Kate Schulte was born and raised in Kansas. Her family had a strong moral code and she was drawn to social justice causes from an early age.

Kate moved to Columbus, Ohio, in 1975. She became active in the Columbus Tenant Union, working to protect tenant rights, and in other community organizations. She soon got a secretarial job at a civil rights law firm and was inspired to go to law school and become an attorney. Upon graduation, she returned to the firm as a member of their legal team. She eventually became a partner in the firm.

Major cases Kate worked on included Police Officers for Equal Rights race discrimination suit against the City of Columbus, efforts to make becoming a fire fighter more accessible for women, and forcing municipalities throughout Ohio to comply with the ADA by installing curb ramps. The curb ramps are a constant visual tribute to her life and her commitment to equal justice. Kate was also local counsel when the ACLU helped preserve the separation of church and state in Columbus Public Schools by forcing a settlement that established a policy on religious music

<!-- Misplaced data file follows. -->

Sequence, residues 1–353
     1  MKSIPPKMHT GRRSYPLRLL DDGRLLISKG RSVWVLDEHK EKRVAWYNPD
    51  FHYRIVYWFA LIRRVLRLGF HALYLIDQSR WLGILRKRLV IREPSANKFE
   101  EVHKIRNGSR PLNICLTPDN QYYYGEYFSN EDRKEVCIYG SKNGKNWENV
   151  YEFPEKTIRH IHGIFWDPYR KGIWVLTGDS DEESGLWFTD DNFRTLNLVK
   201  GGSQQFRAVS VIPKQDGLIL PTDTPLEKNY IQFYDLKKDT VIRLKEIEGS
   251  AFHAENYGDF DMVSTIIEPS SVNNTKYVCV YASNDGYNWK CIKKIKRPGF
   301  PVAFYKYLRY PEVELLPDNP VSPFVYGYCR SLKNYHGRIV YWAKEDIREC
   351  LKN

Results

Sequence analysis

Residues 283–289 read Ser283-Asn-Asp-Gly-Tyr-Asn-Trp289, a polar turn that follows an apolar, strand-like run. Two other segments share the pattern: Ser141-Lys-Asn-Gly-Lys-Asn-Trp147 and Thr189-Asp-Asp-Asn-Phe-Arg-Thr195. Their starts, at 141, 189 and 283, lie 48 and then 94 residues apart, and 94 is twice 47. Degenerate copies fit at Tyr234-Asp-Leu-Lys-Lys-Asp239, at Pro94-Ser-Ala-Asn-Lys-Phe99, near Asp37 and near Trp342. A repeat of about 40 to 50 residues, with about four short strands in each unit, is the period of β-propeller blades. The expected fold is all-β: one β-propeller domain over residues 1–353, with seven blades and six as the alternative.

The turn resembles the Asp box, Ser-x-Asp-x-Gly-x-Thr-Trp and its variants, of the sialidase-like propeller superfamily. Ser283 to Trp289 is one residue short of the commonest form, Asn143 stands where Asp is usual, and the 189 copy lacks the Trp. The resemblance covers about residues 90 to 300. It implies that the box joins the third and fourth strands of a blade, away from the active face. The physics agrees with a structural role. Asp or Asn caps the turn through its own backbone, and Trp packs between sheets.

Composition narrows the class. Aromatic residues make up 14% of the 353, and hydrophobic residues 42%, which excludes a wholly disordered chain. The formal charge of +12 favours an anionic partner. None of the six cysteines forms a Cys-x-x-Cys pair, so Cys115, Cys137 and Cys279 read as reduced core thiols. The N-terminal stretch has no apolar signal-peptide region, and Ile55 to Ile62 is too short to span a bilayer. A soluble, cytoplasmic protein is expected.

Outside her work as a civil rights attorney, Kate worked actively to promote equal justice and equal rights. She was active in resisting the Ku Klux Klan, protecting women’s health clinics, and much more.

She loved all kinds of music, especially the music of New Orleans – a city she visited many times. in the 1990’s, she worked with the Center for New Choices and her husband, Michael Vander Does, to bring some of America’s greatest jazz musicians to Columbus. The artists included Dewey Redman, Rashied Ali, Joe Lovano, and most notably Edward “Kidd” Jordan. Kidd has become a fixture at the Tribute concerts.